This weekend, I received a message on Facebook:
Read your article on being an ex-Muslim and why you hold that identity. I braced myself for a torrent of talking about how Islam is the worst ideology in the world and how evil the teachings are. But hey, you kept it from being polemical, which makes me want to ask you a question: As an ex-Muslim, why do you avoid polemics against Islam? You’re probably one of the least angry ex-Muslims I’ve read about.
My feelings upon reading it were mixed. Gratitude faded into annoyance, which mellowed into a slight defensiveness (I loathe anything even slightly resembling the idea that I’m “one of the good ones“).
It’s not as if I never was angry about Islam, or don’t continue to be angry about aspects of it.
When I first left Islam, I harbored the naive belief that if I were to explain my reasons for having left — reasons that had a lot more to do with theological underpinnings than any ethical or emotional objections to Islam — then those around me would not only understand why I had lost my faith, they might become sympathetic or even end up agree with me on some level. Some secret part of me yearned to convince at least one Muslim in my life of the lack of reason behind their faith.
Surprise, surprise. They were as shocked, enraged, and threatened by my philosophically-framed revelation as they would have been had I taken a more Problem of Evil-oriented approach.
This pissed me right off, and for a long time afterwards, I was angry about Islam.
I was angry that being loving, meticulous, and intellectual with my disclosure of my apostasy from Islam did not lead to a similarly thoughtful and careful reaction from those around me. Instead, they were angry, cruel, and abusive towards me.
I was angry that people dismissed me as yet another formerly-repressed young woman wanting to “party” (as in have a boyfriend, drink alcohol, and not wear hijab) guilt-free. Despite the fact that I was an atheist in hijab for quite a while, my story was forced into a simplistic girl-gone-wild narrative.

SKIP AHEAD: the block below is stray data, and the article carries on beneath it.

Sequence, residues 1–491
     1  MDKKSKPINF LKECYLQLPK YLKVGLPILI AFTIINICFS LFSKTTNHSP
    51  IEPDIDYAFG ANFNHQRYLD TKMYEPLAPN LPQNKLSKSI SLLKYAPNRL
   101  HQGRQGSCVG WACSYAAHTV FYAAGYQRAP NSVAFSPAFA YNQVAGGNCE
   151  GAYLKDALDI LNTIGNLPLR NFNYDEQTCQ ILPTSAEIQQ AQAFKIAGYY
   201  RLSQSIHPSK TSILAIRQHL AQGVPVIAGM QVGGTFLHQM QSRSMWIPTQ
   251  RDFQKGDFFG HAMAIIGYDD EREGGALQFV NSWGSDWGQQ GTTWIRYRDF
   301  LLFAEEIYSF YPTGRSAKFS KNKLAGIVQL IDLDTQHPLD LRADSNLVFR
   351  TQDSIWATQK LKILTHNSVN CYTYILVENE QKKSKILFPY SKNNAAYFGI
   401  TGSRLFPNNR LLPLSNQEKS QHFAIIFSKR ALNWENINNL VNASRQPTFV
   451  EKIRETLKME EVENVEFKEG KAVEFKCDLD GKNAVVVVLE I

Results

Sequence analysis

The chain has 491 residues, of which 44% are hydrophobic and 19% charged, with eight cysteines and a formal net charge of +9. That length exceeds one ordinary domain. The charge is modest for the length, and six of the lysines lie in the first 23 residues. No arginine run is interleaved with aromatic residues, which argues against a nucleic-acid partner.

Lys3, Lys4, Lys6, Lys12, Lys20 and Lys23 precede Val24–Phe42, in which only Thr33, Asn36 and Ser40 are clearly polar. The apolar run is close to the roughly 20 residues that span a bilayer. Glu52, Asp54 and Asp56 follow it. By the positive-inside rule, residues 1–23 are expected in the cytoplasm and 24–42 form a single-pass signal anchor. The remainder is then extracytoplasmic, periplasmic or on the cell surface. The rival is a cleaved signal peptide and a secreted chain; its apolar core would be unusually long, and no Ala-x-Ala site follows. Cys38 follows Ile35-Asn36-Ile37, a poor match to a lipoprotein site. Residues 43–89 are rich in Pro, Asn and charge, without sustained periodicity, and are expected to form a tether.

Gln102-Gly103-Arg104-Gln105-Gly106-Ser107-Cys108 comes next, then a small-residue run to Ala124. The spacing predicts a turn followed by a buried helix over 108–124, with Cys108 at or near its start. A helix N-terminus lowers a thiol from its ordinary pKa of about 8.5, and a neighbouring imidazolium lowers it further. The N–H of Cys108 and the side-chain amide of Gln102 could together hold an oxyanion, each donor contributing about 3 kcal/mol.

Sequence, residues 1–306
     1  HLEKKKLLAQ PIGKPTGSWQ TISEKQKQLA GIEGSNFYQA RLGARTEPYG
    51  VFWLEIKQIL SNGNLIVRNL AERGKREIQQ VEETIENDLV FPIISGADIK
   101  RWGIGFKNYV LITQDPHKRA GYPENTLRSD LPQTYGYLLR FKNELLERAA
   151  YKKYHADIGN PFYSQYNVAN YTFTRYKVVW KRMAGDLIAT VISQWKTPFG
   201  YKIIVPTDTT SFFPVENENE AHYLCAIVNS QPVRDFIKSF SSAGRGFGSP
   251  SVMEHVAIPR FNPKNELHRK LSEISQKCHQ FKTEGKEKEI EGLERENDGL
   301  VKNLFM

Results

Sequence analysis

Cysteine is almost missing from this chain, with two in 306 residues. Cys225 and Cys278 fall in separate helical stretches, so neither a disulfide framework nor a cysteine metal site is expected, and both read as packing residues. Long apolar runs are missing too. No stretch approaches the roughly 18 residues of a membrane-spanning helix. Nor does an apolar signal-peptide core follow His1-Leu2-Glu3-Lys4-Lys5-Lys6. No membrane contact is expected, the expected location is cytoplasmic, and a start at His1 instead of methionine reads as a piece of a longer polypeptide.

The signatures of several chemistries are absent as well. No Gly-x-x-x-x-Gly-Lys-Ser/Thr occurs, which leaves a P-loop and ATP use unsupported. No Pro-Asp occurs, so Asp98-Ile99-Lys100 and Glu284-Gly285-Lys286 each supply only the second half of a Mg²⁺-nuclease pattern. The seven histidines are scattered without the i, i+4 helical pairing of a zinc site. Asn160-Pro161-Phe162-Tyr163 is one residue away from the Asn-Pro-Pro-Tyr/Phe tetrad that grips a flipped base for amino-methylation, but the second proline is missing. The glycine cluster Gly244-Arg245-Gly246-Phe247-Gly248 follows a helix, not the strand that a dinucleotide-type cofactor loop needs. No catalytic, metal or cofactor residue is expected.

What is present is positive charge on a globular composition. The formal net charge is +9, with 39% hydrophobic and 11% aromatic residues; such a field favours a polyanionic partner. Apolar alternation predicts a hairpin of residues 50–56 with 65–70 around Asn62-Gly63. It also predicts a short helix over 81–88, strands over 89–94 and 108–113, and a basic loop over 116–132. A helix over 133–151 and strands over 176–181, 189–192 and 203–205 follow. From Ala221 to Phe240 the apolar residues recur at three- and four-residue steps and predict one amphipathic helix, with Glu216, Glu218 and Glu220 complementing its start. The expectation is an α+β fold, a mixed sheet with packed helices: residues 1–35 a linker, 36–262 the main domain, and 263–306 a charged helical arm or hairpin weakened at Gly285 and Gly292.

I was angry that I, as an atheist apostate, faced ludicrous questions and accusations regarding my basic moral and ethical sense as a human being. I was especially angry because I thought that Muslims, who deal with equally-ludicrous accusations and assumptions, ought to know better. I was incessantly asked to prove that I possessed even a shred of basic human decency and assumed to be deficient in it regardless of what I said or did. Meanwhile, the people who flat-out tormented me throughout childhood got off scot-free by calling themselves “Muslims.”
I was angry that people seemed to take pleasure from of stalking me online and tattling on me, to the point where I had to take down an anonymous blog I started as an outlet for my feelings because of threats of violence. I hated being told that I ought to shut up about my beliefs even though the very people urging me to silence myself walked around every day proudly wearing a symbol of their beliefs.
In pain, I started to respond to the anger, cruelty, and abuse with bitterness. I ceased my attempts to elevate the discourse and be the better person, and started taking pleasure in perverse and contrarian (though never quite unethical) behavior. If they were going to think the worst of me, I reasoned, I might as well let myself have some fun with it. Why stay civil if people didn’t treat you civilly in return? In other words, I let my self-imposed standards for my own behavior slip in response to others’ poor behavior.
I don’t blame myself. Anger was the tool that let me hold myself together through one of the most painful periods of my life. As my life changed, I eventually had to learn to use that tool differently.
Tomorrow, in A More Reasonable Rage: Why I Don’t Seem Angry at Islam, I will discuss how and why my approach changed.